Trang học Anh văn mới của tôi.

Trang học Anh văn mới của tôi.

Đã 6 năm kể từ khi blog này ra đời. Chúng tôi đã nhận được những bài viết chia sẻ kinh nghiệm rất hữu ích từ các tác giả, và sự ủng hộ nhiệt tình của các bạn.

Bây giờ, kinh nghiệm cũng đã kha khá, tôi mở một blog khác dành riêng cho các bài học tiếng Anh ngắn để mọi người cùng học tại Các bạn cũng có thể tham gia cùng tôi trên facebook tại để có thể nhận được bài học ngay khi đang lướt facebook.

Rất mong các bạn sẽ ủng hộ cho blog mới này, và mong rằng blog sẽ giúp các bạn thêm hứng thú khi học tiếng Anh.


And you can follow the link to read what participating bloggers have to say about this proverb. A good reading practice 🙂

One of the commonly confused pair

The Daily Post

The distinction between “affect” and “effect” trips up lots of people, but with one or two little mnemonics, you can master this tricky pair in probably 95% of cases.

Effect is almost always used as a noun meaning “the result of some action.”

Affect is almost always used as a verb meaning “to influence or bring about change.”

Affect, which is an action (another word for “verb”), starts with an a, like action. There’s your first mnemonic. When something affects something else, it has an effect. The affect or verb happens first and the effect or noun second, just as affect comes first in the alphabet and effect second. There’s your second mnemonic.

My experience with mnemonics tends to be that once I’ve had to use them enough, I internalize the underlying grammar that they help me to remember so that I no longer have to remember…

View original post 149 more words

Minh Anh's place

We all know how a powerful vocabulary may improve our English proficiency. It makes us look smarter (seriously! 😉 ), helps us better explaining ourselves and understanding others. A common way to learn vocabulary for ESL students is to memorize words. However, I would say the best way is to invest some time in learning root words, prefixes and suffixes. These will help you guess the meaning of new words and memorize them easier (make sure you still look it up in a dictionary to get the precise meaning and any other implication it might have). They can even help you guess what a word you want might look like.

An excerpt from a post in VirtualSalt at will clarify my point:

Many words are made up of a root (or base word) and a prefix. Some words also have a suffix. For example, the root word port…

View original post 195 more words

Most commonly misspelled words, even for native speaker.

The Daily Post

Courtesy, as pretty much always, of Bryan A. Garner, here’s a list of 25 of the most commonly misspelled words in the English language.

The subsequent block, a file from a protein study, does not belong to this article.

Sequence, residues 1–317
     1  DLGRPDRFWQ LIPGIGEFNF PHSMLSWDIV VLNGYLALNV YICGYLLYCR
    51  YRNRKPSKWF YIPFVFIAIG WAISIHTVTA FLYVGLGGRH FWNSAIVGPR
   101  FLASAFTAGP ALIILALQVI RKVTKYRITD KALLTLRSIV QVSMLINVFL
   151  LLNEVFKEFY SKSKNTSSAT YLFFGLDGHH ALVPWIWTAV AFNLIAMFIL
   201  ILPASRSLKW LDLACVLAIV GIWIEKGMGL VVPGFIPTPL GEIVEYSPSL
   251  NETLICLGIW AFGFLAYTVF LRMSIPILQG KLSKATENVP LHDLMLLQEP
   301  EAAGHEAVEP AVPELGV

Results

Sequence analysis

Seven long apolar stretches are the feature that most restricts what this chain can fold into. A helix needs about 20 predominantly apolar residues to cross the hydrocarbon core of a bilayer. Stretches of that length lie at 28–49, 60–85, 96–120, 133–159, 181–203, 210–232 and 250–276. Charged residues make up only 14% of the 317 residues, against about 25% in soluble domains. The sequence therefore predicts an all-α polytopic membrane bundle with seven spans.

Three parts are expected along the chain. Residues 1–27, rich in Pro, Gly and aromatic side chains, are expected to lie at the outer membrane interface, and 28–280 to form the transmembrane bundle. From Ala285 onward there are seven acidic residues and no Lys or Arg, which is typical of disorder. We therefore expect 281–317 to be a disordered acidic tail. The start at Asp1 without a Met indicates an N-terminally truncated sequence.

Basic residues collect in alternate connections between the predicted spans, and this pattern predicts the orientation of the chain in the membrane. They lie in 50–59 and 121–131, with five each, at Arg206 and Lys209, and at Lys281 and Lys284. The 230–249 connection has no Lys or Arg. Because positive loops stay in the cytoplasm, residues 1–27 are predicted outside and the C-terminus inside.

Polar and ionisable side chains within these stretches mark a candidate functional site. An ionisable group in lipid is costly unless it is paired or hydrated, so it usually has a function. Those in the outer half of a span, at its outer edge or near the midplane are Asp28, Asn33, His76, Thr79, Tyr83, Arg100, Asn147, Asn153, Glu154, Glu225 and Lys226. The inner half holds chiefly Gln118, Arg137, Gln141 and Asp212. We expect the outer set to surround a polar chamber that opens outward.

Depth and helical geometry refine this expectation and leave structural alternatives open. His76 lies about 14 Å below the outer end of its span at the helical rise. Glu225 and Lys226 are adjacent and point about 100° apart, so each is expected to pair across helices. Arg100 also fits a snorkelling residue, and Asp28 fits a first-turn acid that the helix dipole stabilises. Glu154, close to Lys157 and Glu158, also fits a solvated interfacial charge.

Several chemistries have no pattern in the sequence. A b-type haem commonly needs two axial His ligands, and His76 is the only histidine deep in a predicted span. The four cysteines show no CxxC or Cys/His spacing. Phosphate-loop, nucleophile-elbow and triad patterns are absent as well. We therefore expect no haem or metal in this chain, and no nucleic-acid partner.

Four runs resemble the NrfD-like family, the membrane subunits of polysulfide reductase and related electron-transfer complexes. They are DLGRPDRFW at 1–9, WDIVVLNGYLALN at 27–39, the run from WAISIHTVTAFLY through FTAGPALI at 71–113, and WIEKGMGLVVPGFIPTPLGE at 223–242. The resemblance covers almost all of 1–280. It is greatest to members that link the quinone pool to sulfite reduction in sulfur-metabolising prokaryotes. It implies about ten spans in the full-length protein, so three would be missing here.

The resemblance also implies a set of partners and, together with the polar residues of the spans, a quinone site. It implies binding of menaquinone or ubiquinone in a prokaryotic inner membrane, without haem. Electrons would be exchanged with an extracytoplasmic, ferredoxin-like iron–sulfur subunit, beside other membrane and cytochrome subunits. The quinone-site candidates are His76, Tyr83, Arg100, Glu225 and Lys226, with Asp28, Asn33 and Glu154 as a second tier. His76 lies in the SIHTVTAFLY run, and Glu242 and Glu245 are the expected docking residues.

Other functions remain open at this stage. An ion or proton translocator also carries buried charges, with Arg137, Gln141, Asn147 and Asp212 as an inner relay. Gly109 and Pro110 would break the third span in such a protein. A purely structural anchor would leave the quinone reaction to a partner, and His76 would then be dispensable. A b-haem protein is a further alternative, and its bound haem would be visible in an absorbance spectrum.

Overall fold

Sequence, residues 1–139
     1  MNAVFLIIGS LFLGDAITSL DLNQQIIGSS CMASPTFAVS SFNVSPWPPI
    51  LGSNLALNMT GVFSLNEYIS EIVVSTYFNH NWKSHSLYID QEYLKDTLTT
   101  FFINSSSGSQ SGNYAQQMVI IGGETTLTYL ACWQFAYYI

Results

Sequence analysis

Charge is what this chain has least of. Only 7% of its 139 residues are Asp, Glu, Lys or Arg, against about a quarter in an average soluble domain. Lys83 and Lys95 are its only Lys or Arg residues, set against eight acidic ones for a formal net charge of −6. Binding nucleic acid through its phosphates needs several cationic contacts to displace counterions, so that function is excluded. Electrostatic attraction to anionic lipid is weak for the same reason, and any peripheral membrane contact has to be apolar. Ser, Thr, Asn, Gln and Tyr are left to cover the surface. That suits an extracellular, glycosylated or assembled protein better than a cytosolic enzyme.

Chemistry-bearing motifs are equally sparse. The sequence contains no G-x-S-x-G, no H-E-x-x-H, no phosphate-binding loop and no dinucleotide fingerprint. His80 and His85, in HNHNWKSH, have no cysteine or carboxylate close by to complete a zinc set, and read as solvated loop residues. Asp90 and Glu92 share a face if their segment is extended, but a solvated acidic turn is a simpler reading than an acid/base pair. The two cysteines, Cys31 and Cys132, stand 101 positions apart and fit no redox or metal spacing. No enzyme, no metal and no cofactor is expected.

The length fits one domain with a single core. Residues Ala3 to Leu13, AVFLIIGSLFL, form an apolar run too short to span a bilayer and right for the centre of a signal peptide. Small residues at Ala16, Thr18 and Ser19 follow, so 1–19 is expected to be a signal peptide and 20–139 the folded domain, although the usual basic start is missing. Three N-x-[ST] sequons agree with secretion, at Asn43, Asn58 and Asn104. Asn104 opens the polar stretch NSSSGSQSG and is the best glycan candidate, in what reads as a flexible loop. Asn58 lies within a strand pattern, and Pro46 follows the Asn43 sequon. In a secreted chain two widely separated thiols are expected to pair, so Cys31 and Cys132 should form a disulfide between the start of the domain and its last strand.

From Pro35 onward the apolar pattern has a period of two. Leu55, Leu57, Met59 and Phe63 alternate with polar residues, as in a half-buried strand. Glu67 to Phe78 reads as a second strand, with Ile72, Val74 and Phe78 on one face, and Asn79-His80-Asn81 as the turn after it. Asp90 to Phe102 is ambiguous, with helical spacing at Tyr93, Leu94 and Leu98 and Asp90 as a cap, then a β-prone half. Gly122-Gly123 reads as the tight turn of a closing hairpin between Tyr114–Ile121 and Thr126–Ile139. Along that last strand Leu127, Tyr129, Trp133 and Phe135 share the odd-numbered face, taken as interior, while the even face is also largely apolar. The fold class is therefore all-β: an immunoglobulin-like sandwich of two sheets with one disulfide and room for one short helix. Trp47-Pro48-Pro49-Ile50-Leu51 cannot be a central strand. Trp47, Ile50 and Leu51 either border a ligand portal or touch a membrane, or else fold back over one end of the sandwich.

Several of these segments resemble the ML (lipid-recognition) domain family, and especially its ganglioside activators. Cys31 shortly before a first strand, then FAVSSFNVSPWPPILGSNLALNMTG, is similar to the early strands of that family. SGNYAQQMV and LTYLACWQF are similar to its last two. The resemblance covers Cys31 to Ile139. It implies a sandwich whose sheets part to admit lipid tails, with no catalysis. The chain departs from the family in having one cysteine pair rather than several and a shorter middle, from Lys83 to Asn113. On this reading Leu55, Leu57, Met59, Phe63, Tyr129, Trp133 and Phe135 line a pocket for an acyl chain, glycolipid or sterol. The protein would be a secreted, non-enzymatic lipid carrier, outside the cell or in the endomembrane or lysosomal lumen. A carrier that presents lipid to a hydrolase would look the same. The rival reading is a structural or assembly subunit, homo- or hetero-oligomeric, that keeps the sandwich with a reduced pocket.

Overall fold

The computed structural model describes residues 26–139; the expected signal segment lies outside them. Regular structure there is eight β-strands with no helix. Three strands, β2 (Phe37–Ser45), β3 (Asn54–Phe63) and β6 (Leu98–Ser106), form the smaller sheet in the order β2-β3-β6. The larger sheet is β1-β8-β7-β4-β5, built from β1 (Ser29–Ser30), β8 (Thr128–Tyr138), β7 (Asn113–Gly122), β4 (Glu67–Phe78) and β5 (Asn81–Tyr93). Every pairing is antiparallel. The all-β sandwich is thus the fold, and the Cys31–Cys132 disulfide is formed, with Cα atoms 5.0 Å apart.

• accommodate
  • committee
  • consensus
  • definitely
  • embarrass
  • expedite
  • grammar
  • harass
  • hors d’oeuvre
  • innovate
  • inoculate
  • lieu
  • millennium
  • minuscule
  • misspelling
  • noticeable
  • occurrence
  • pavilion
  • persevere
  • playwright
  • receive
  • restaurateur
  • separate
  • supersede
  • ukulele

Commit these to memory, and should you ever find yourself needing to accommodate a ukulele player who wishes to receive an inoculation from a playwright while persevering at his art in a pavilion, you’ll be spared the embarrassment of making any innovative misspellings, whether minuscule or easily noticeable.

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Minh Anh's place

Apart from the online resources I introduced a while ago in the two posts “Tiếng Anh dành cho người đã đi làm” and “Tiếng Anh dành cho người đã đi làm – Phần 2” in my other web blog, which includes a couple of journals and Vietnam voanews, today I would like to introduce you to some podcasts specified in business English.

1. Business English Pod. Here you will listen to conversations that happen in regular business meeting, such as how to mingle with colleagues, how to answer in interviews, and how to  present in a meeting, etc.

2. Video Vocab – Learn English vocabularies for business through short, cute, informative videos, which always end with a short practice for the words you have just learned. As an ESL learner, you may already know or hear of most of the terms, but are not sure about…

View original post 110 more words

Great explanation on the subtle differences between “can” and “may”

The Daily Post

Photo by Flickr user

I believe it’s generally known that “can” is the favored verb when asking about whether it’s physically or mentally possible to do a thing and “may” is favored when asking for permission, but there turn out to be some nuances that can be a little confusing. With the help of Bryan A. Garner’s A Dictionary of Modern American Usage (which I refer to often in these posts), I’ll outline some of the nuances.

First, Garner allows that in speech and informal writing, the distinction is insisted upon only by the “insufferable precisian.” So when blogging informally, feel free to use “can” in place of “may.” In fact, among three caveats Garner offers is one suggesting that over-use of “may” can give your writing a prissy tone.

The other two caveats:

  • Use of phrases like “mayn’t I” or “may I not” can be stilted, so it’s…

View original post 199 more words